The COVID-19 pandemic is forcing institutions to define new ways to stay connected and engaged, like using technology to overcome physical boundaries. Notre Dame students who studied abroad in Rome have also been affected by this new normal. Despite the physical distance, the Rome Global Gateway has provided students with opportunities to remain connected with the city, the Gateway and its partners.
Danny Shaw, James Sumantri and Julia Pesola are three of the Notre Dame students who were studying abroad in Rome when the coronavirus outbreak unfolded. They left Italy very quickly to move back to their home countries, cutting short their study abroad experience. When they heard about the opportunity to start a virtual internship in Rome from their sofas, they jumped at the chance.
Dedalo schools are stable partners of the Gateway with three locations in Italy: Rome, Milan and Como. They collaborate each year with Notre Dame and have relationships with the students. They made a proposal to Mallory Nardin, the director of programming, student development and community engagement, to find students willing to be teaching assistants and guest lecturers for a series of virtual classes as part of a summer camp. The theme of the English classes was “mystery tour,” during which the Italian students were taken around fictional or real geographic locations.
Sumantri is a fourth-year architecture student who left Rome in March. When his summer internship with a local architecture company fell through, he found out about this teaching opportunity at S. Orsola and was thrilled to take the students through his home continent, Asia.
“For the portion of the class that I took over, I chose to take them to my three home countries: Singapore (where I live), Japan (where my mother's side of the family is from), and Indonesia (where my father's side of the family is from),” says Sumantri. “It was pretty fun and exciting to introduce these places so familiar to myself to kids from Italy who knew little to nothing about these countries. Sharing my culture and learning from other ones has always been a passion of mine, so I quite enjoyed this lively exchange.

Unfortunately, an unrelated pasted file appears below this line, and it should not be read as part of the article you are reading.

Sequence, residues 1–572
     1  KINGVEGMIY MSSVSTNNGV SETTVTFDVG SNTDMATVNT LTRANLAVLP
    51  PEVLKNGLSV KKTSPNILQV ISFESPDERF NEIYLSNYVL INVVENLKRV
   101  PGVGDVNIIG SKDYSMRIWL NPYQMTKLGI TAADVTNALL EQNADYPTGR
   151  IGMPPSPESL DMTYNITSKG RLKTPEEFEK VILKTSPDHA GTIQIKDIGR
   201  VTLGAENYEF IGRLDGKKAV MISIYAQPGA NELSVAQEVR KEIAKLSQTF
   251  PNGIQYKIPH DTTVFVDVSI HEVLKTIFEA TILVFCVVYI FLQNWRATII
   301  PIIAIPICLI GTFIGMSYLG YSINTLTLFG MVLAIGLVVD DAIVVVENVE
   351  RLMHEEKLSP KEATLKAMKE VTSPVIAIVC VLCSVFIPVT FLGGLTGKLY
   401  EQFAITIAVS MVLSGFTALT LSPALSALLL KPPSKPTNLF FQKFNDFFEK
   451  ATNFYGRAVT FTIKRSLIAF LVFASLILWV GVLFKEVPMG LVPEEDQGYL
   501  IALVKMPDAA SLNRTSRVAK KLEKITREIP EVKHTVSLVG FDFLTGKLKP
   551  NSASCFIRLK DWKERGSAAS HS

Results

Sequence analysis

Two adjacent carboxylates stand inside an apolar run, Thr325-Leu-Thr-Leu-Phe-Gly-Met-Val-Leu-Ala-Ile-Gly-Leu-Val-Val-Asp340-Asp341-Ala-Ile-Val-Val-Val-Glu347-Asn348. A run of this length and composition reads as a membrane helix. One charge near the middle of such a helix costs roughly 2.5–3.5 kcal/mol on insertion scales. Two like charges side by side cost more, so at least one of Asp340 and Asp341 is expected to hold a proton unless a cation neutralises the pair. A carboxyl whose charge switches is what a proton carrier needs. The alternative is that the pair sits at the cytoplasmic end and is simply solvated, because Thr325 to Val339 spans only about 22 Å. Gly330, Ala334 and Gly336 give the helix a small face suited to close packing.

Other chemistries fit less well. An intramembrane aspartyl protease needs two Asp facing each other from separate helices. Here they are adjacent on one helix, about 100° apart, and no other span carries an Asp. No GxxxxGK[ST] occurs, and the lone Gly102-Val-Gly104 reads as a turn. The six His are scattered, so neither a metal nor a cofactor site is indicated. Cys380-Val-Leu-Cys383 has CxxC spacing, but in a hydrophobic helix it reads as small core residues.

Shaw is a senior majoring in sociology and preprofessional studies. He decided to take his students to Spain and to the fictional location of Hogwarts, where he dressed up as Harry Potter.
“For my week at Hogwarts, the wonderful teacher that I partnered with, Silvia Volpicelli, had a very clear vision for what she wanted me to do with the students.” says Shaw. “We collaborated beforehand about what would be entertaining and decided that I would dress up as Harry Potter while the students interviewed me. It was a very fun experience and now pictures of me dressed as Harry Potter will forever be on the internet.”
Pesola is a senior majoring in architecture. She decided to conduct her remote internship with S. Orsola, a great way to stay involved in Rome, albeit virtually.
“With the remote internship, I was able to work with the teachers in Rome to create fun and interactive lesson plans for the virtual summer camp run by S. Orsola, which focuses on teaching English,” she says.
Pesola was paired up with Elena Gursky, an assistant rector at the Villa who is also an English teacher at S. Orsola.
“Julia took my class on a virtual tour of her family’s home in Connecticut and her New York City apartment. They had a blast discussing the differences between Italian and American homes, as well as ways of life in general,” says Gursky. At the end of the lesson, the students became junior architects, drawing a floor plan for their very own American dream home. Many included a popcorn machine, inspired by Julia’s.
Because the Italian students would have normally gone on a school trip to an English-speaking destination, the goal of Pesola, Sumantri and Shaw’s collaboration with S. Orsola was to bring the feeling of travel and discovery to them virtually.
“What I find remarkable about this collaboration is that it speaks to the knowledge of both institutions that a full educational experience includes the convergence of cultures, languages, and backgrounds,” Gursky concludes. “I know that the students at S. Orsola enjoyed getting to know Julia, James, and Danny, and hopefully sparked an interest in having a study abroad experience of their own one day.
Six other students are currently carrying out remote internships for credits through the virtual practicum course at the Rome Global Gateway. Opportunities are open to students throughout the academic year and the summer.